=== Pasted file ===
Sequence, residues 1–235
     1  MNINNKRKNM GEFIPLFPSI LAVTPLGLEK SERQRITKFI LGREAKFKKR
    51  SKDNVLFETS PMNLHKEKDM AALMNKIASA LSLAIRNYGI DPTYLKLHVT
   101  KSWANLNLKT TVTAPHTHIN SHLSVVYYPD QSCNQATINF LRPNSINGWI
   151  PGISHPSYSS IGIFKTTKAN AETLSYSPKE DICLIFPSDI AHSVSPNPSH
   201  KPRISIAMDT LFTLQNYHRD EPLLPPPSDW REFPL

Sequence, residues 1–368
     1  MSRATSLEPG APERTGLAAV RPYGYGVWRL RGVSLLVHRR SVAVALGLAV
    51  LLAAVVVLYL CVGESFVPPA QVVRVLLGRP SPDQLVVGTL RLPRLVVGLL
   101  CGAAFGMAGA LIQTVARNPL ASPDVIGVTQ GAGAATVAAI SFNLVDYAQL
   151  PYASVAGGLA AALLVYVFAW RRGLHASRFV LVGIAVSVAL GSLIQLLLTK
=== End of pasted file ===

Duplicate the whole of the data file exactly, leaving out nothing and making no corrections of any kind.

Sequence, residues 1–235
     1  MNINNKRKNM GEFIPLFPSI LAVTPLGLEK SERQRITKFI LGREAKFKKR
    51  SKDNVLFETS PMNLHKEKDM AALMNKIASA LSLAIRNYGI DPTYLKLHVT
   101  KSWANLNLKT TVTAPHTHIN SHLSVVYYPD QSCNQATINF LRPNSINGWI
   151  PGISHPSYSS IGIFKTTKAN AETLSYSPKE DICLIFPSDI AHSVSPNPSH
   201  KPRISIAMDT LFTLQNYHRD EPLLPPPSDW REFPL

Sequence, residues 1–368
     1  MSRATSLEPG APERTGLAAV RPYGYGVWRL RGVSLLVHRR SVAVALGLAV
    51  LLAAVVVLYL CVGESFVPPA QVVRVLLGRP SPDQLVVGTL RLPRLVVGLL
   101  CGAAFGMAGA LIQTVARNPL ASPDVIGVTQ GAGAATVAAI SFNLVDYAQL
   151  PYASVAGGLA AALLVYVFAW RRGLHASRFV LVGIAVSVAL GSLIQLLLTK